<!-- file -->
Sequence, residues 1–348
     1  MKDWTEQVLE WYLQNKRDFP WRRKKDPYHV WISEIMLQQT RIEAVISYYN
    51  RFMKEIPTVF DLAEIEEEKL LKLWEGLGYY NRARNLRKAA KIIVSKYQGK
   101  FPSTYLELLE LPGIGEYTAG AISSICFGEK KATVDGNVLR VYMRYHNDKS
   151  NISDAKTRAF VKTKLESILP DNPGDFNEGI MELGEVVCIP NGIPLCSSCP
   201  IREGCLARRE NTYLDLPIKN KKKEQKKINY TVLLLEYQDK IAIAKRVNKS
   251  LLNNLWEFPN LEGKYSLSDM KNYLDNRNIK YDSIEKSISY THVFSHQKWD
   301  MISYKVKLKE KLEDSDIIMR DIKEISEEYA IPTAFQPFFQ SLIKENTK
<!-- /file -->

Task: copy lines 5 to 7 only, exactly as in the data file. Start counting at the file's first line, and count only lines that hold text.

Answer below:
   151  NISDAKTRAF VKTKLESILP DNPGDFNEGI MELGEVVCIP NGIPLCSSCP
   201  IREGCLARRE NTYLDLPIKN KKKEQKKINY TVLLLEYQDK IAIAKRVNKS
   251  LLNNLWEFPN LEGKYSLSDM KNYLDNRNIK YDSIEKSISY THVFSHQKWD